On Friday, the HHS appeals board decided that Medicare must cover sex-reassignment surgery, reversing its long-standing policy of excluding the procedure. The reactions to this expansion are already taking a cultural turn, as the WaPo’s report on blowback against the decision shows:
Leanna Baumer, a senior legislative assistant with the Family Research Council, said that the ruling “ignores the complexity of issues” surrounding gender identity issues.
“Real compassion for those struggling with a gender identity disorder is to offer mental health treatments that help men and women become comfortable with their actual biological sex—not to advocate for costly and controversial surgeries subsidized by taxpayers,” she said.
Frank Schubert, national political director for the National Organization for Marriage, said he also objects to the decision for moral reasons and that it does not encourage children “to respect who they are, how they were born.”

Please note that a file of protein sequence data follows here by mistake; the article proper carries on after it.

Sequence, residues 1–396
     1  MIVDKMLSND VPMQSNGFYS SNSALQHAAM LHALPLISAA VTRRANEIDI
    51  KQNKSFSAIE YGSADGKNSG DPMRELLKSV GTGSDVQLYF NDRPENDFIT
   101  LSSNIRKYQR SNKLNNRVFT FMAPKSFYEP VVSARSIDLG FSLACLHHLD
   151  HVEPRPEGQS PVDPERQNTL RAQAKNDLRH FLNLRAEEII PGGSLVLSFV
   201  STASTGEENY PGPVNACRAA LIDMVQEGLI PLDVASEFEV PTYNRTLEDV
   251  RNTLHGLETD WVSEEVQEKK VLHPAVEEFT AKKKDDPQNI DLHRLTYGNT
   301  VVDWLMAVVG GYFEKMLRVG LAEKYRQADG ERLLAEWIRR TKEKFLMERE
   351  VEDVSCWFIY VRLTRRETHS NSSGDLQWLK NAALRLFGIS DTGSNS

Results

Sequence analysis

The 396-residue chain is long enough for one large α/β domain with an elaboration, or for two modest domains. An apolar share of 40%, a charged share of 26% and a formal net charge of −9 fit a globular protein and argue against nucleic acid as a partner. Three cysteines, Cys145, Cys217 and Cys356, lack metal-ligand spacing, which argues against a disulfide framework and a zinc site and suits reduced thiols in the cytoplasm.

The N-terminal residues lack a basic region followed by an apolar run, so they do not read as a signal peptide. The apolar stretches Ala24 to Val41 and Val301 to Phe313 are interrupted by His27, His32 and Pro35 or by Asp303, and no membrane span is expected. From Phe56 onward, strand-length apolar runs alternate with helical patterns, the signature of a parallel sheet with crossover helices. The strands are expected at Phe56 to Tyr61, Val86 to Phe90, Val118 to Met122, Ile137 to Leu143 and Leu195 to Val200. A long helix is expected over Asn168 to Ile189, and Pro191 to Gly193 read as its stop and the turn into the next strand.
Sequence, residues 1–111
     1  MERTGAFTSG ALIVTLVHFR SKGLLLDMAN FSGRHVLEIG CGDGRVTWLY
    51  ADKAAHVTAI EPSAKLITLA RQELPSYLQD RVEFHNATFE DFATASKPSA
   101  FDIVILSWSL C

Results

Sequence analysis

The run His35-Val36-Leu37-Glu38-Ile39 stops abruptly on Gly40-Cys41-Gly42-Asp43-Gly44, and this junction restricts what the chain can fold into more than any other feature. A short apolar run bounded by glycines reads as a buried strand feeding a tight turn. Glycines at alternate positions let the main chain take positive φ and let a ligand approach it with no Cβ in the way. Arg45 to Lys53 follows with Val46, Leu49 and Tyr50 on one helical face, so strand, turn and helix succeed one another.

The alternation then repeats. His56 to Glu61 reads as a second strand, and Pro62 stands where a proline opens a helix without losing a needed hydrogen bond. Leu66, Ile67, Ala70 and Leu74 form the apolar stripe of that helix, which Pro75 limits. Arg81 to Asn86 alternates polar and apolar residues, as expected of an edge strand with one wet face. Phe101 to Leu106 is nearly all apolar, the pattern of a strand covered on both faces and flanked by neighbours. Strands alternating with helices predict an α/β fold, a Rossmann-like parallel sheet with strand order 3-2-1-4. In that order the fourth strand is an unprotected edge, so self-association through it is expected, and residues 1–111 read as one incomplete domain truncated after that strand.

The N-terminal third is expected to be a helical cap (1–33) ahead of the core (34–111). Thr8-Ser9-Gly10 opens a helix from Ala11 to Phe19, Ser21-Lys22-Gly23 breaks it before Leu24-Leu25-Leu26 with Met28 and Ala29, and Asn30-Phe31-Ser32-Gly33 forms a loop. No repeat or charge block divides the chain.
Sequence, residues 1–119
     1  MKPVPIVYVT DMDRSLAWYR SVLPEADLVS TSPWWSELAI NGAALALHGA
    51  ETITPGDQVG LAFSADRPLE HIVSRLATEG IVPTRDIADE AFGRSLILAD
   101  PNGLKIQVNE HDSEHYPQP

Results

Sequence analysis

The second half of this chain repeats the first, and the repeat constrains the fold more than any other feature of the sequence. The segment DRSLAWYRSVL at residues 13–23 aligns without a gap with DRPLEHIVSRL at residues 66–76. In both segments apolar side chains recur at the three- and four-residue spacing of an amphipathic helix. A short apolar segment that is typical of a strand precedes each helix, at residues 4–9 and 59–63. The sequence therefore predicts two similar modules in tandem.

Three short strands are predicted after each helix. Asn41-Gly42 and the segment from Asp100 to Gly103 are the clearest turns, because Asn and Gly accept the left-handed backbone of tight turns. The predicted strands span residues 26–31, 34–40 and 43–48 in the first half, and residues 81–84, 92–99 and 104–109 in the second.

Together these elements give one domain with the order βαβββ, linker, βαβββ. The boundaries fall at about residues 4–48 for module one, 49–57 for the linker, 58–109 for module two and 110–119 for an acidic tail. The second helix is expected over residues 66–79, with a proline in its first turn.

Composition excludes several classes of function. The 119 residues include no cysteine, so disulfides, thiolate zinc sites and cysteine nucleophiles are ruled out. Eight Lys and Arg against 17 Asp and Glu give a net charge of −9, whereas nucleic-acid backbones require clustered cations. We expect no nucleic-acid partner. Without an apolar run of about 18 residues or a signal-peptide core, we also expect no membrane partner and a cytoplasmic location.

But the cultural politics of this are largely unimportant and irrelevant. Both sides are using this issue as a dog-whistle to their teams, an occasion to rally the troops. Those who think sex-change surgeries are a sign of cultural degradation will duke it out with those who see supporting these surgeries as a necessary validation of transgender people. Each side will fill its war chest from that battle, but none of us will come out any wiser.Culture aside, there’s a more serious point to be made about the increasingly comprehensive insurance federal legislation guarantees, whether through ACA mandates or Medicare benefits. Our patched together national insurance system, viewed as a whole, simply will not be sustainable if we insist that insurers cover even elective surgeries. The distorting effects of burdening a third-party payer mechanism like insurance with elective procedures are well known: the more generous your insurance is, the greater your incentive to let others foot the bill for unnecessary medical procedures. Many on the right are suggesting we replace Obamacare and its non-essential “essential benefits” with universal catastrophic insurance. Whether this is the right move or not, it’s closer to the answer than an ever-expanding benefits list.